Gypsies, travellers and Romanies 'hugely disproportionate' in youth prisons


Children from gypsy, traveller or Romany backgrounds make up a "hugely disproportionate" number of inmates in youth prisons, figures reveal.

One in 10 (11%) of those held in secure training centres (STCs) said they were from these groups, despite making up an estimated 0.1% of the overall population.

In addition, one in 12 detainees (8%) at youth offender institutes (YOIs) considered themselves to be gypsy, Romany or traveller.

The findings emerged in an annual summary of surveys conducted in the two main types of facilities for juvenile offenders in England and Wales by HM Inspectorate of Prisons.

Chief inspector Nick Hardwick said: "We have repeatedly raised our concerns about the hugely disproportionate number of children in custody from a Traveller or Gypsy background.

"With any other group, such huge disproportionality would have led to more formal inquiry and investigation."

The proportion of boys held in young offender institutes who are from ethnic minority groups has nearly doubled in 13 years from just under a quarter (23%) in 2001/02 to  42% in 2014/15, although this was down from 45% in the previous year.

The number of Muslim boys in YOIs has risen from 16% in 2010-11 to 21% in 2014-15. There were differences in the demographics of STCs, with falls observed among those who were from BME and Muslim backgrounds.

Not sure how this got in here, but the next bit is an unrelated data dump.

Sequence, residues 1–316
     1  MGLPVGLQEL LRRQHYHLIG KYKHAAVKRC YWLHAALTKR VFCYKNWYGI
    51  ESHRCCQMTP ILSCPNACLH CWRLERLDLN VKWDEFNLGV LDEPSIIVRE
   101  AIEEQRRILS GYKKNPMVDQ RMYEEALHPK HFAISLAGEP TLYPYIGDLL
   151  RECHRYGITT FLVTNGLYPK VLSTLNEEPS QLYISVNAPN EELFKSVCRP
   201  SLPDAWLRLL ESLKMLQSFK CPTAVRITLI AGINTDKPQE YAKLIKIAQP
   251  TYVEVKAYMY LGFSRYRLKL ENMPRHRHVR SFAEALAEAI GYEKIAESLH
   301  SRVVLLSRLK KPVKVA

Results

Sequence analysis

There have been sharp rises in the share of children who consider themselves to have a disability or who have been in local authority care in the last five years.

Overall, the number of children in custody fell by 49% between 2010-11 and 2014-15.

The report said there is some evidence to support the suggestion that as the number of boys in custody has fallen, those who remain are "a more concentrated mix with more challenging behaviour and complex needs".

The report also found that: 

:: Although around four in five children described feeling safe on their first night, almost a third said they had felt unsafe at some time.

:: Two out of five children said they had been physically restrained.

:: Only slightly more than half the children felt they had done anything in custody to make them less likely to offend in future. 

:: Fewer boys in YOIs reported being involved in any kind of purposeful activity than at the time of any inspection reports in the past five years.

Lin Hinnigan, chief executive of the Youth Justice Board (YJB), said: "We are concerned at the number of young people who do not feel safe at some point during their time in custody.

"The purpose of custody is to help rehabilitate young people so that they can live crime-free lives, so reduced levels of purposeful activity are also troubling.

"We are working closely with those running secure training centres and YOIs to ensure they improve and meet the needs of each individual child in their care.

"The YJB is also committed to working with partners to address the issue of minority groups - including gypsy, Romany and traveller - being over-represented in the youth justice system."